The Sonos One is a great speaker that offers entry into the Sonos ecosystem, the current gold standard of home audio systems. But, maybe due to the price of the Sonos speaker system, you might wonder what the alternatives to the Sonos One are. Some of the best alternatives include:
- Amazon Echo Plus
- Denon HEOS 1
- Bose SoundTouch 10
- Bose Home Speaker 300
- LG PK5W XBOOM
We’ll look at the details of all these units below, so you can make an informed decision to either go with an alternative or to be more confident in your decision to get into the Sonos system. But first, let’s look at the Sonos One option and what it offers.
Key Features of the Sonos One
The Sonos One (on Amazon) is one of the key Sonos products. Designed to operate by itself, as part of a surround sound system, or even as part of a full-home speaker system, the Sonos One is a versatile speaker that is most people’s first purchase when entering into the Sonos speaker ecosystem. To compare it with alternatives, it will be good to first put down what the key features of the Sonos One are.
- Connectivity is dead-simple, with support for Apple Airplay 2 and, of course, the support of the full Sonos ecosystem with its polished app and integration of Spotify, Audible, and dozens of other apps. It’s hard to beat the usability here.
- Connectivity through ethernet or wifi, but not Bluetooth – you won’t need the Bluetooth connection for your phone, because Sonos expects you to connect both your phone and the speaker to your wi-fi system whether you’re using a Connect or a Port (our comparison article). This ensures better quality audio.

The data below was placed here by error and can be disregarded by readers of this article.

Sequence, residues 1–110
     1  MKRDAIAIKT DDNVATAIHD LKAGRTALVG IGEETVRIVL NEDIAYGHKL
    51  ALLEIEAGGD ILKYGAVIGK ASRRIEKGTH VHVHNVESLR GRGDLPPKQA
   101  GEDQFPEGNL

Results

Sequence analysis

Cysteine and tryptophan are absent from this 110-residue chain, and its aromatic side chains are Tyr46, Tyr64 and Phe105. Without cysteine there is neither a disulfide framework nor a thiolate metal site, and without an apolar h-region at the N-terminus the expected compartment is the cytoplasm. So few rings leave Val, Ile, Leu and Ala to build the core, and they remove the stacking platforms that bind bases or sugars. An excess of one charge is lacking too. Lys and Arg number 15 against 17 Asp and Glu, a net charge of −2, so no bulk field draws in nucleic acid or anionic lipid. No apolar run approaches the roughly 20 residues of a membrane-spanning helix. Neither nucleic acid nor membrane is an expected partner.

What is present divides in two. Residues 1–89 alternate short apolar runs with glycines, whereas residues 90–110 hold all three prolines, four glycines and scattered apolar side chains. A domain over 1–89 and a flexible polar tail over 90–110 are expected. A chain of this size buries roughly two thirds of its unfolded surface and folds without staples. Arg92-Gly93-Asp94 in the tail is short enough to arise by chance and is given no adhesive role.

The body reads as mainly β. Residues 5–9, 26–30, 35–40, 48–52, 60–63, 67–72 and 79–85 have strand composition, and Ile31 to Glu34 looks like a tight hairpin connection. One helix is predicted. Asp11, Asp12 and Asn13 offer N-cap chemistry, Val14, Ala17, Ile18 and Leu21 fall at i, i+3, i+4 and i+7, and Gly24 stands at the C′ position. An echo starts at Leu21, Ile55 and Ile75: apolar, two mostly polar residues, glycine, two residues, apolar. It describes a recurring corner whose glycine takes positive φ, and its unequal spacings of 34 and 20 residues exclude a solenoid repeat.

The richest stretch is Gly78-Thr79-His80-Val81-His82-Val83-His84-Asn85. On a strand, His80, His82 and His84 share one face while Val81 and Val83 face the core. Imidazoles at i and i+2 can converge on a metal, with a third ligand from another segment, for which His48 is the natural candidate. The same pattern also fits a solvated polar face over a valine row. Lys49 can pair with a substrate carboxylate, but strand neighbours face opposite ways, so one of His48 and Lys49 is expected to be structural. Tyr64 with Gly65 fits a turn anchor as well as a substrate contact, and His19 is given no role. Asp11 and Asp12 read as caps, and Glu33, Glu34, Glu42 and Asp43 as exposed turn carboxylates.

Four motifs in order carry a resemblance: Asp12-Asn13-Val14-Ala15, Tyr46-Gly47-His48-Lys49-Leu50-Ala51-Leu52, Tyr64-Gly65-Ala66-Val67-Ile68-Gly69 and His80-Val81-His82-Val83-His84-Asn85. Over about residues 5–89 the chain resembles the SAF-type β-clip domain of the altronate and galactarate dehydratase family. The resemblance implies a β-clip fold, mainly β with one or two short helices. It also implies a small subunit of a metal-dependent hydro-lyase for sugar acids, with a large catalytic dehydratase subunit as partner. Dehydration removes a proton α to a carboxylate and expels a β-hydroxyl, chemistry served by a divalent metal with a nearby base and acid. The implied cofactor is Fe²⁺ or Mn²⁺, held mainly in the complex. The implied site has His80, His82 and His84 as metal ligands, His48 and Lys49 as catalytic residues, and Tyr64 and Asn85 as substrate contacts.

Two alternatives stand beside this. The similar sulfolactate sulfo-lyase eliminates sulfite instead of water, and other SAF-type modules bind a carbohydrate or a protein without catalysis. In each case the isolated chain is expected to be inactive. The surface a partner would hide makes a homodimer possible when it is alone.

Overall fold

- Easily expandable to stereo setups and beyond within the Sonos ecosystem, which is optimized for building the right speaker setup for you.
- Compact, simple design that can blend into any environment.
- Built-in microphone that supports integration with Siri, Google Assistant, and Alexa
Amazon Echo Plus
The Amazon Echo Plus (on Amazon) is a smart speaker that comes closest to the level of integration and easy connection that the Sonos One offers. In fact, the Echo Plus goes a little beyond Sonos, offering itself as a smart home hub. This means that other smart home services like Phillips Hue and others will not need separate bridges to function. The Zigbee smart home standard is baked in.
Where Sonos offers an extensive array of other speakers you can add to your system, the Echo Plus is a little limited, but not totally limited. You can pair more Echo speakers for stereo sound, and even an Echo sub to get a more extensive stereo sound system, but that’s about the limit. There’s nothing like the Sonos Arc Dolby Atmos soundbar in the Amazon/Echo ecosystem.
Cosmetically, the design is unobtrusive, and there are even a few creature comforts that the Amazon system allows that Sonos doesn’t, like the ability to use the Echo speakers as intercoms throughout your house. You won’t find Airplay on this unit, but it does have Bluetooth functionality and wifi too, with enough integrations to major apps to make it easy enough to use.
- Additional smart home hub functionality (via built-in Zigbee bridge) can greatly simplify an extensive smart home setup.
- Some ability to connect more echo speakers for limited surround sound (2.1).